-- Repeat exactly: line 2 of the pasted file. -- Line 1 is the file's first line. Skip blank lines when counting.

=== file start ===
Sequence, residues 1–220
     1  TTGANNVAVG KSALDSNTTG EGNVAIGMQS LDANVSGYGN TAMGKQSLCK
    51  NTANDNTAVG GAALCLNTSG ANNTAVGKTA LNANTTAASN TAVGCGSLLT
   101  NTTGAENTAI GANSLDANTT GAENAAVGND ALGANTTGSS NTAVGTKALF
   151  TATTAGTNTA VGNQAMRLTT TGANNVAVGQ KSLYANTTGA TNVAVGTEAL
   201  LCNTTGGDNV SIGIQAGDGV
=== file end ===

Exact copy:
     1  TTGANNVAVG KSALDSNTTG EGNVAIGMQS LDANVSGYGN TAMGKQSLCK